Durability of Carbon Fiber Reinforced Composites for Driveshafts

Open Access
Trella, Ryan Matthew
Area of Honors:
Engineering Science
Bachelor of Science
Document Type:
Thesis Supervisors:
  • Charles E Bakis, Thesis Supervisor
  • Osama O Awadelkarim, Honors Advisor
  • Judith A Todd, Faculty Reader
  • Composites
  • Carbon Fiber
  • FMC
  • polyurethane
  • driveshaft
  • environmental conditioning
  • fatigue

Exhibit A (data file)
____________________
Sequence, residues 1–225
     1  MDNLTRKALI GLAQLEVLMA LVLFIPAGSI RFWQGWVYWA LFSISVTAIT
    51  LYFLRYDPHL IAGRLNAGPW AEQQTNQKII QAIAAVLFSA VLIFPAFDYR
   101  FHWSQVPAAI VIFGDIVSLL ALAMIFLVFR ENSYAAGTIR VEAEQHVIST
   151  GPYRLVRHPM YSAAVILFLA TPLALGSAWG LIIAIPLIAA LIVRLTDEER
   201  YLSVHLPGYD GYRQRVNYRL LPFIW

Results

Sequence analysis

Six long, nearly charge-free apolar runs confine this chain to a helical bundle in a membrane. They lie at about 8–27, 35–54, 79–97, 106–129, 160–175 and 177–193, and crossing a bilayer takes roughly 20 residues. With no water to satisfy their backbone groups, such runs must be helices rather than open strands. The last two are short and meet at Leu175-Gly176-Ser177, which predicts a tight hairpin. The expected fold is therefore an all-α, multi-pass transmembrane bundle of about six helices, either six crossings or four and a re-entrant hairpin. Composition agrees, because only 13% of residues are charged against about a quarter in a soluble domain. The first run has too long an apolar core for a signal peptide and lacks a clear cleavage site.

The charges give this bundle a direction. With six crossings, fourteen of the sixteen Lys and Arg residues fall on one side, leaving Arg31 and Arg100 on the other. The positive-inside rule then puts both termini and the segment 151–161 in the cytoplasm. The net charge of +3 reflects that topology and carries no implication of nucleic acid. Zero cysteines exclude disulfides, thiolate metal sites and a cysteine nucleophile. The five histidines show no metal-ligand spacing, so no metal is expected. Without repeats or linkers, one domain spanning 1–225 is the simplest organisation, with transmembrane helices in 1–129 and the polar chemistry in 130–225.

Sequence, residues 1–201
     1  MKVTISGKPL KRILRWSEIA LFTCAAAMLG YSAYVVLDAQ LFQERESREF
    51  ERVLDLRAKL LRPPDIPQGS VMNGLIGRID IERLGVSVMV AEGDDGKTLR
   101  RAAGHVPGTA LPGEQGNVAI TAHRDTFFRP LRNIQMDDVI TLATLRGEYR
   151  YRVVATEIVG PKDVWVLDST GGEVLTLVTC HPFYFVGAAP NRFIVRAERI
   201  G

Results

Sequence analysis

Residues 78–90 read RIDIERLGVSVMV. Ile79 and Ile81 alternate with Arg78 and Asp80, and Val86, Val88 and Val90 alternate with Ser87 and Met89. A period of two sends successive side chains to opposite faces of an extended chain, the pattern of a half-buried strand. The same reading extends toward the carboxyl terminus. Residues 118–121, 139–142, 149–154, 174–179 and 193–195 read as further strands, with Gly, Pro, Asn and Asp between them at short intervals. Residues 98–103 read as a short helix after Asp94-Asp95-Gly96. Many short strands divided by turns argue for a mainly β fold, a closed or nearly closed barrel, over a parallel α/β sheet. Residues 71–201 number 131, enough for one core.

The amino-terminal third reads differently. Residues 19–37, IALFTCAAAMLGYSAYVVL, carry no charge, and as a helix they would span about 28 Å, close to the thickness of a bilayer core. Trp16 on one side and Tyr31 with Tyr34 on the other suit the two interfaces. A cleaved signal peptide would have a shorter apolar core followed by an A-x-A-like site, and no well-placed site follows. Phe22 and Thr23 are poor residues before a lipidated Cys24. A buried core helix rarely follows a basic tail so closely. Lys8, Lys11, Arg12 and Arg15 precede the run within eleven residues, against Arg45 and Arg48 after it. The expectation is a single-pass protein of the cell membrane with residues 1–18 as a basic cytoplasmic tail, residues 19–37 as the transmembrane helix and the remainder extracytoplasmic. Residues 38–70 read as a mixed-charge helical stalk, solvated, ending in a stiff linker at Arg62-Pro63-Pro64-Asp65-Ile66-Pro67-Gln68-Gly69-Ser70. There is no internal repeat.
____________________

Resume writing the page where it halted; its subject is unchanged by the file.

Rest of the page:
Carbon fiber reinforced polymers have the potential to replace traditional metal alloys in structural applications because of their low mass and high strength. These two properties make carbon fiber composites ideal for use in the aircraft industry. One type of composite being examined is a flexible matrix composite, (FMC). Typically made from a polyurethane matrix or other similar material, FMCs have the added benefit of being able to flex when fully cured. This makes FMCs the ideal material to replace the driveshaft of a helicopter in order to reduce weight, save fuel, and cut emissions. Previous research has worked on optimizing the ply layup scheme, examining the fatigue life of FMCs, as well as determining the properties of new polyurethane materials. This investigation examines, for the first time, the effects of aggressive environmental conditions on several carbon fiber reinforced polymers, including two types of carbon fiber reinforced polyurethane composites and a conventional carbon fiber reinforced epoxy composite, in order to anticipate the degraded material properties of a driveshaft after exposure to cleaning agents, fuel leaks, and moisture. In addition, this investigation also examines for the first time the fatigue life of multi-angled ply shafts made of the FMCs as well as the conventional carbon/epoxy composite. The results of this research will help provide insight into better formulation of matrix materials to resist degradation from environmental exposure and cyclic loading.